Derrick Sawyer made history this week by stepping into an unassuming little building on a suburban road that, if you walk maybe two blocks up a steep incline, reveals one of the most spectacular views of the city whose fire department he once led.
Sawyer ushered me into that very building on Tuesday, Day Two of the former Philadelphia fire commissioner’s new gig as chief of the Upper Darby Township Fire Department. As he led me inside, I mentioned how I used to play hoops at the old playground right behind his new digs.
“You’ve got a jump shot?” he asked and told me they called him “Three Nice” on the Philly fire department basketball team. His touch for three-pointers was legendary, apparently. Sawyer would later tell me it was through basketball and track at overwhelmingly white Haddon Heights High School in the 1970s that he saw how sports could melt stereotypes and allow people to forge meaningful relationships across the racial divide.
Sawyer, 61, is the first African American fire chief to hold that post in Pennsylvania’s largest township — a place that feels and looks, actually, a lot like a branch of Philadelphia. He takes the helm of this dense suburb from white predecessors who continued to lead even as the community went from predominantly white to about 34% Black. Mayor Jim Kenney had forced Sawyer out of Philadelphia a few years back in favor of a white outsider. In both cases, the stated goal was to bring fresh perspectives to insular organizations.
Sawyer told me he left Philadelphia unhappy. He felt two years at the helm were not enough to show that he could transform a culture that had corroded into scandal. He was replaced by an out-of-towner who was white.
Sawyer noted the irony as, seated across from me in his office, he heard me outline the role reversal.
“Go figure,” he said.
He was the pick in Upper Darby after a national search launched by Democratic Mayor Barbarann Keffer. She ended GOP mayoral rule in 2019 with a huge win in this onetime Republican stronghold of nearly 83,000 residents in Delaware County.
Despite how the town had grown diverse, its public safety infrastructure had not.
The Upper Darby police force has only two Black staffers — a sergeant and a patrol officer, according to township spokesperson Vincent Rongione.
The fire department?
I asked Sawyer, as we stood at one point inside Ladder 37 near his office: “Is this fire department racially representative of Upper Darby Township? Are there any African American firefighters on staff?”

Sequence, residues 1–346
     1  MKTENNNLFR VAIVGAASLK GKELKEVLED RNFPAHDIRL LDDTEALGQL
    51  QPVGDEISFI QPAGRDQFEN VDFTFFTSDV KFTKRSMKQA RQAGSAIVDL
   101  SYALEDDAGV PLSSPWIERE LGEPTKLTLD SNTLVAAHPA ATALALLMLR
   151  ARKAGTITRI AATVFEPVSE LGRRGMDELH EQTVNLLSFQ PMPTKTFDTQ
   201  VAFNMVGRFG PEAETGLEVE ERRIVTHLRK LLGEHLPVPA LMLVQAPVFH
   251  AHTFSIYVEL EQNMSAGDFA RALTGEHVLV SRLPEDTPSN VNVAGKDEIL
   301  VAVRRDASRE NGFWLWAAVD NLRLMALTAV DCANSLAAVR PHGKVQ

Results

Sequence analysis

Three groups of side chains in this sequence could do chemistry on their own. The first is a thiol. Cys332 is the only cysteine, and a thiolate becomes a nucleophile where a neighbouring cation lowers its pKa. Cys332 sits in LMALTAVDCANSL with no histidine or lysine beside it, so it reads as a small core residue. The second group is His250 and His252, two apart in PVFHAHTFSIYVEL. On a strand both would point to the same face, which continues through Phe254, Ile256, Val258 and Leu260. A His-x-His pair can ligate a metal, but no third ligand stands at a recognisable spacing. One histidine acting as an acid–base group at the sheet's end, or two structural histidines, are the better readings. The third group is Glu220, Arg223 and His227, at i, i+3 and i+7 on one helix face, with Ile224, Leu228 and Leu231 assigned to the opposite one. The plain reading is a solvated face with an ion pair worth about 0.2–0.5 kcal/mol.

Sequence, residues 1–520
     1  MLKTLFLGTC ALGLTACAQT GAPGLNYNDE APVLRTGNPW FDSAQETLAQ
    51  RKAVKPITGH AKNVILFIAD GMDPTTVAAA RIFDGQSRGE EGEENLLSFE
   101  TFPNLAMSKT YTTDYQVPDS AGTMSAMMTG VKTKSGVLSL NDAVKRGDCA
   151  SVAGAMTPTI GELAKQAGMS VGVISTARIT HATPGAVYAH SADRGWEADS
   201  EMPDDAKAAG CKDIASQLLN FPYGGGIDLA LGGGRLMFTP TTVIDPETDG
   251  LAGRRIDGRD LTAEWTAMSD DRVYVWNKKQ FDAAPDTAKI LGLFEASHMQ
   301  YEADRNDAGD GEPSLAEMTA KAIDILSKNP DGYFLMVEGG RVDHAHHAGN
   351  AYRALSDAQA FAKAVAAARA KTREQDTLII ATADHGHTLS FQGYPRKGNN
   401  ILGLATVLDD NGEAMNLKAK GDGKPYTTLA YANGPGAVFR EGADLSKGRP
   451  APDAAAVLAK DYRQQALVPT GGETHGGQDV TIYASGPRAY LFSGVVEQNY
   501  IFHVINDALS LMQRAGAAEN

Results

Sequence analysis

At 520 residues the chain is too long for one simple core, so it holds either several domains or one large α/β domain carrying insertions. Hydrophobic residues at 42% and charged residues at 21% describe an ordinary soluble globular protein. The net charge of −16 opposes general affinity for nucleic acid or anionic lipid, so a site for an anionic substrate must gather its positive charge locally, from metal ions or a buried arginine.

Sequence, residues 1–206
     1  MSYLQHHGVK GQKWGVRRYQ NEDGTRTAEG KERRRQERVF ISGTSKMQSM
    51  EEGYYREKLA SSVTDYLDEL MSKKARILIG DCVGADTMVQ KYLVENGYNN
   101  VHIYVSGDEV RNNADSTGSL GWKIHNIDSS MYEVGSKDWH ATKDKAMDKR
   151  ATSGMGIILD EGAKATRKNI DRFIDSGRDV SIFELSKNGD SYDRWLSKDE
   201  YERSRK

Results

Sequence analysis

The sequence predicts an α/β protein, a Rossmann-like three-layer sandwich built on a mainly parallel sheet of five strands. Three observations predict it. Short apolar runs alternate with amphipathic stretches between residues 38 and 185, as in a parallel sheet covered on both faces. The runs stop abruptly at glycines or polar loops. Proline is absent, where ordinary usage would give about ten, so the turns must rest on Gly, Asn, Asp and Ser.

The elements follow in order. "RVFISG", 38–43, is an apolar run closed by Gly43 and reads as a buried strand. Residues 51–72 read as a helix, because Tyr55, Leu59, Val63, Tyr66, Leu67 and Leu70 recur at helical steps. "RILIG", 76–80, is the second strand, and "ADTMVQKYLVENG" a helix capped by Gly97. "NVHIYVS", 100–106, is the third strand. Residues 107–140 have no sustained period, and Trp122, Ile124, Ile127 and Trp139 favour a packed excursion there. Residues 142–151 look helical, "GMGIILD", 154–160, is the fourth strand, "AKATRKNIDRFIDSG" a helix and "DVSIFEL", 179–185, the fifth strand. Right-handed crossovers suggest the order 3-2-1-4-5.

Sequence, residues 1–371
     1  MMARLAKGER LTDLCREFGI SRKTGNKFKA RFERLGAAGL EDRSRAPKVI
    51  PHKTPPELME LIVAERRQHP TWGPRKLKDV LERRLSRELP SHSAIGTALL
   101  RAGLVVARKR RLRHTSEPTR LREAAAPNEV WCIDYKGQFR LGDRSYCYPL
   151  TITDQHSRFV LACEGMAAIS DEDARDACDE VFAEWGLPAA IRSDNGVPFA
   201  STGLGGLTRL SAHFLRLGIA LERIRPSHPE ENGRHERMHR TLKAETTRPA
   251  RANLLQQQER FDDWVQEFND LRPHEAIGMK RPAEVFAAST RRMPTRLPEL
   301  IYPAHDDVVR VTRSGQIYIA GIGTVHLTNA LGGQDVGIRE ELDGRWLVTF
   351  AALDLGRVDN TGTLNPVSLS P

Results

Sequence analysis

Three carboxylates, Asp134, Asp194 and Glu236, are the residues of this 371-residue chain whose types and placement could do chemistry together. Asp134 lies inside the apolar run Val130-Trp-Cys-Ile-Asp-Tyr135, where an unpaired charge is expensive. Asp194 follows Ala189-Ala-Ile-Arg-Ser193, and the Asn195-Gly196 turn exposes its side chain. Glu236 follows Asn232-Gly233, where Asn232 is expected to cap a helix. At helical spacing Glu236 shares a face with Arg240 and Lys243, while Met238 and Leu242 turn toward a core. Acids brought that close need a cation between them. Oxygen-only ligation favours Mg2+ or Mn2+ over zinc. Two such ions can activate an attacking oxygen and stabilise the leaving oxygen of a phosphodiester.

Sawyer, ringed by a semicircle of veteran career firefighters behind him, slapped his chest with both hands.
“Me,” he replied.
Of Upper Darby’s 53 paid firefighters, only the new boss is Black. (An additional 30 firefighters work as volunteers.)
Capt. Robert Johnson, a 34-year veteran from nearby Havertown, said he viewed Sawyer "no different than the next guy. New guy’s going to bring new questions, new ideas to the table. Just like we don’t ask people their age or ethnicity when we show up at their houses. We just do our job.”
Sawyer was raised in North Philadelphia, the son of a city employee and a homemaker. He worked as a fire equipment mechanic in the Air Force for four years after high school. He then applied for a civil service job in Philadelphia in the 1980s and joined the ranks.
He was in the building and on the ground for the One Meridian skyscraper blaze that killed three firefighters in 1991 and injured 12 next to City Hall. That conflagration captured the world’s attention a decade before the 9/11 attacks in New York.
Many years later, as commissioner, he was on the scene after the 2015 Amtrak crash in Port Richmond. Sawyer’s firefighters extracted eight bodies from mangled wreckage caused by that high-speed derailment.
“But the worst day of my career,” Sawyer said, as I peppered him with questions in front of the impromptu audience of men suddenly reporting to him, “was losing the first female firefighter in the line of duty, which was Joyce Craig.”
Craig died in the dining room of a West Oak Lane home in 2014, the first of Sawyer’s two years at the helm. Federal investigators cited faulty equipment and other operational deficiencies as having played roles in her death.
With his vast experience — he managed 2,400 employees in Philadelphia with 27 ladders and 57 engines, battalions, marine units, etc. — coming to Upper Darby is like bringing a nuclear weapon into a fight with an ant. Upper Darby handles 7,000 calls a year. Philadelphia has "medic units in Philadelphia that run 7,000 by themselves,” by Sawyer’s own count.
But Philadelphia and his new zip code have old housing stock that burns faster as it ages, communities in poverty, dense housing, and tight fire department balance sheets.
Sawyer plans to do a risk assessment: Are the greatest threats flooding? Fires? Something else? He will hold town halls with his staff and also in neighborhoods.
“My plan is to visit every single fire station in this community and let them air out some of the things that they feel need to be addressed early so that we can have some early wins,” he said. “So that we can kind of move on, together."
He added: "As a team.”